[cap-talk] Language-based safety - contest

Jed Donnelley jed at nersc.gov
Mon Nov 15 21:50:33 EST 2004


At 06:09 PM 11/15/2004, Kevin Reid wrote:
>On Nov 15, 2004, at 11:59, Karp, Alan H wrote:
>>MarkM wrote:
>>>The contest? I'll give you the answer I'm sure you expect: break E. It 
>>>is indeed all open source. The links I previously sent out should be a 
>>>good guide for getting you started.
>>>As for a prize, ...
>>...I'll put up some money. ...
>
>Bruce Schneier on "The Fallacy of Cracking Contests":
>
>http://www.schneier.com/crypto-gram-9812.html#contests
>
>I realize that what is being proposed isn't exactly the same situation, 
>but it resembles what is described in the article, from a distance. You 
>may wish to take this into account.

I believe that most of the issues raised in the above document (fairness of 
attacks, relative costs of analysis vs. reward of the contest, expecting 
the non-winning of the contest to guarantee something about the security of 
the system, etc.) don't apply.  If we can come up with a reasonable 
definition (important of course) then I think we will be talking about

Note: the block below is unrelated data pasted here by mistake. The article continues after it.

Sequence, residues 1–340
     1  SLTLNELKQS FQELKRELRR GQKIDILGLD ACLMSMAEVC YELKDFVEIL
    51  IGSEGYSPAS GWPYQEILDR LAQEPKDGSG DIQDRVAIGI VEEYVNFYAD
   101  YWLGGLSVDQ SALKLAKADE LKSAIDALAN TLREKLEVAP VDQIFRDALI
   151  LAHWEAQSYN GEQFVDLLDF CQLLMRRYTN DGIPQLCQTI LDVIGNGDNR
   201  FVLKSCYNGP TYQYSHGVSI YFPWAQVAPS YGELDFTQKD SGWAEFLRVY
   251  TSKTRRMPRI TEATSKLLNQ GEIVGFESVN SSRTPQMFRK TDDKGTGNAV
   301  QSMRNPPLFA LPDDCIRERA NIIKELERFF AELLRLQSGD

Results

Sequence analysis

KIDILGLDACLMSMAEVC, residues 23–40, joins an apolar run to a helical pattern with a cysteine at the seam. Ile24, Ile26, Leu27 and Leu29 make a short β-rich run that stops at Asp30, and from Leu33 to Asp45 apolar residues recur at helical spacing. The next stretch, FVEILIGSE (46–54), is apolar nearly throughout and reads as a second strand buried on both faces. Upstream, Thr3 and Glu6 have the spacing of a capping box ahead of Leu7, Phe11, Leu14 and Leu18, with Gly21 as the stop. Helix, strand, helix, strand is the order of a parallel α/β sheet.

something along the lines of:

"...fair and good... contests are successful not because the prize money is 
an incentive ..., but because researchers are already interested in ... 
cracking. The contests simply provide a spotlight for what was already an 
interesting endeavor."

I believe the most important aspect of the contest is defining what is 
meant by a breach in a meaningful way.  I also think such a contest can add 
an element of fun - if appropriately set up.

Still, if there's no meaningful criteria for winning, then of course a 
contest doesn't make sense.  "break E" makes perfect high level sense to 
me, but that would seem to admit all the security bugs (implementation 
flaws vs. model flaws) as contest winners.  That's where I'm stuck on the 
contest and indeed on the analysis that I do hope will prove an 
"interesting endeavor".

--Jed http://www.webstart.com/jed/ 



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